BOSTON (CBS) – For a few days in late July, the quarterback so accustomed to having his nearly every move caught on camera was the one taking video.
As part of a training-camp experiment by the New England Patriots, Tom Brady joined Ryan Mallett and Tim Tebow by practicing with a camera affixed to his helmet. Presumably, the purpose was to help others see what only quarterbacks do from their point of view in the pocket.
“We’re taking a look at it, just to see if you could put together some really good teaching tape and teaching film for future players at the position, from seeing it from their perspective,” offensive coordinator Josh McDaniels said at the time. “There are some kinks that I’d say we have to work out in terms of how much it’s on, and the amount it moves and gyrates during the course of the time.”
In other words, the camera may not blink; but it certainly bobs.
“Well, think about it, it’s a camera bobbing up and down and moving all over the place. I could be looking at you and the camera could be shooting over here,” Brady explained about the device attached to his face mask, above his helmet’s left earhole.
At the time, Brady told reporters one other thing.
“I feel I have what I need to see,” he said of his own two eyes.
That truth once again became self-evident two and a half months later, well into the most recent Sunday of Brady’s 14-year career. In an eight-play, 68-second sequence, he led the Patriots to the winning score in a 30-27 victory over New Orleans.
With no timeouts and, ultimately, five seconds to spare, Brady hit four receivers with five passes to march 70 yards; the final 17 of which he covered by connecting with Kenbrell Thompkins. Like the 37 other times he led the Patriots from a fourth-quarter tie or deficit to victory, Brady revealed rare poise.
And showed how sharply he sees the whole field.
“(Tom) was always very poised and always had a real good vision in the game,” New England head coach Bill Belichick said Tuesday in a media teleconference. “It could be a bad play that happened or an interception or a turnover or something, he would come to the sideline and say, ‘OK, let’s talk about what happened on that play.’ He would very clearly say, ‘This is what I saw. This is what happened. This is what this guy did, this is what this guy did, this is what the safeties did, this middle linebacker was here. This is what I saw on the route.’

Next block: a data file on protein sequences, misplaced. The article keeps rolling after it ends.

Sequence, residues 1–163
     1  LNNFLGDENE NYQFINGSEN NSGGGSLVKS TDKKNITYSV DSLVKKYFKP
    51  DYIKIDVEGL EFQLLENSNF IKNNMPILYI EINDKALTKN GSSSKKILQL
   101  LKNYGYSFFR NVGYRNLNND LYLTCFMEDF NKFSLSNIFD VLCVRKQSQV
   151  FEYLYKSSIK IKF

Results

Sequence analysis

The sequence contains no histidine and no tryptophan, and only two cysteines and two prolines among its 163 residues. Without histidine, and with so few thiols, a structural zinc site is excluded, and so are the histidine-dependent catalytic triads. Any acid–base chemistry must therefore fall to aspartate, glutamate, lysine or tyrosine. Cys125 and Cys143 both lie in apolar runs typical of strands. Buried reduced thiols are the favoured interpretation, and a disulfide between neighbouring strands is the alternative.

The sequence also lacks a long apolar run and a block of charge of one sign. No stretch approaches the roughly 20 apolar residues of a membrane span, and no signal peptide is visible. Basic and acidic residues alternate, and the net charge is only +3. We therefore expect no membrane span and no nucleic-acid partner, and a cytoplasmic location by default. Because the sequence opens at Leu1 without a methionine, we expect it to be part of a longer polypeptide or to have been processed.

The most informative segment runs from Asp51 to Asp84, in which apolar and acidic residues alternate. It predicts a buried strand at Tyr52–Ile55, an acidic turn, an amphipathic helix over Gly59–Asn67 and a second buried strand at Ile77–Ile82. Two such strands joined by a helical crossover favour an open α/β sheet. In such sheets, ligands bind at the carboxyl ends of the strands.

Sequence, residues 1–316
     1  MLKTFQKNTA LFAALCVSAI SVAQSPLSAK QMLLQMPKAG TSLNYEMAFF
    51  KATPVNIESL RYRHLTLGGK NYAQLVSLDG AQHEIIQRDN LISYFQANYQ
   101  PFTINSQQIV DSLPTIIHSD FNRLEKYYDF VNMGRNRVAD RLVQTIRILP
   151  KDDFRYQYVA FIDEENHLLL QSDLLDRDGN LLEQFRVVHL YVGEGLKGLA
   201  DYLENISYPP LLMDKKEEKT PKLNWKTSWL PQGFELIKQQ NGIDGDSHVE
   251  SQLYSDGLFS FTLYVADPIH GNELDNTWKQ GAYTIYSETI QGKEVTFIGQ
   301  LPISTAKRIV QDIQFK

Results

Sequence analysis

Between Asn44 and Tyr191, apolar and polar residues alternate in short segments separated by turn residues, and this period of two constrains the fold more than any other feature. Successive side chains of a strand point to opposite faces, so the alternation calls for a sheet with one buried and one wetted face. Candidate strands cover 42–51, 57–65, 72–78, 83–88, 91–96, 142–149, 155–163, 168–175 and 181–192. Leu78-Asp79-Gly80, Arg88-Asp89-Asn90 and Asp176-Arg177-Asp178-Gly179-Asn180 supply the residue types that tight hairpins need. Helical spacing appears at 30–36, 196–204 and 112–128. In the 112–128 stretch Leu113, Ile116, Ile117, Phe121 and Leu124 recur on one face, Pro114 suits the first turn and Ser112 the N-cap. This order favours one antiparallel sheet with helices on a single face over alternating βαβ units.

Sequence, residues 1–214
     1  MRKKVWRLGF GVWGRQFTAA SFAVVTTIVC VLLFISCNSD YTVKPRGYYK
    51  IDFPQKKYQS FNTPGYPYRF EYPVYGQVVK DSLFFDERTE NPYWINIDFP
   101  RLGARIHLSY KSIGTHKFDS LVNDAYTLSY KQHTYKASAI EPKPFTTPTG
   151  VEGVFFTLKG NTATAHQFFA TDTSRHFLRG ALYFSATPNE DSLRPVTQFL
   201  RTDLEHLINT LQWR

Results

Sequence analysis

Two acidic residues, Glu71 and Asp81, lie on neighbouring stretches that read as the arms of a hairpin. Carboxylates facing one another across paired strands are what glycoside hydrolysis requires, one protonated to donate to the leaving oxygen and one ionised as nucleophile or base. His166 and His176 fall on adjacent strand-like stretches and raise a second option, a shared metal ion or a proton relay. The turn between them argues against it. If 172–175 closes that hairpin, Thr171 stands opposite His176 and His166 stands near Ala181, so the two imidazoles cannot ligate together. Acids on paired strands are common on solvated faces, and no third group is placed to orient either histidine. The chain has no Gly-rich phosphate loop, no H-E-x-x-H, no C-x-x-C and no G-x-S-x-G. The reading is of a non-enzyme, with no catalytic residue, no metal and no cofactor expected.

“Then you go back and look at the film and all those things happened. The six, seven, eight, nine things that he described were pretty much the way the play unfolded. I think that’s something that really (is) one of Tom’s greatest strengths, his ability to see the field.”
It serves Brady in all — not only game-ending — situations. Every contest, he keeps a running conversation with offensive coordinator Josh McDaniels. Between series, they review Polaroids of every play. Sometimes, those pictures don’t capture everything Brady did.
“We go through those still photos and try to gain a hold of what is going on, what type of game plan the other team is trying to implement, how that is affecting some of the things we’re doing, what we may have in our game plan that may be very good against what they’re doing, or vice versa,” McDaniels said on his weekly conference call. “Certainly we talk about if he sees certain things that may not be jumping out in the pictures…I think that is a constant conversation on game day, and you really need that.”
For those of us wondering how Brady processes it all, he really can’t explain it. Nor does he want to. All he knows is what he told us in July: those eyes are all that he needs.
“I don’t think about that too much,” Brady said of his expansive vision. “I don’t know what other guys go through. I just kind of know what’s natural for me. I’m just trying to go back, make the right read and find the open guy. We try to put pressure on the defense in different ways and try to find where the weak spots are and make those plays.
“I’m not sure, (but) it’s probably good that I don’t think about it.”
TALKING ABOUT PRACTICE
This week at New York, and thereafter, the Patriots will play without defensive captains Vince Wilfork and Jerod Mayo, now that both are lost to season-ending injuries.
One of the ways the team has tried to fill the massive void in Wilfork’s absence is by signing Marcus Forston off the practice squad. Though Forston wound up playing only six defensive snaps vs. the Saints, one of them resulted in an important play easily overshadowed by what followed.
Trailing by one, New England had just failed to convert a fourth-down try and used its first timeout with 2:36 left. Facing 2nd-and-6, New Orleans handed off to Pierre Thomas, who was upended in the backfield by a penetrating Forston. A loss of a yard, a second timeout by the Patriots and a third-down incompletion forced the Saints to settle for a field goal while taking less than a half-minute off the clock.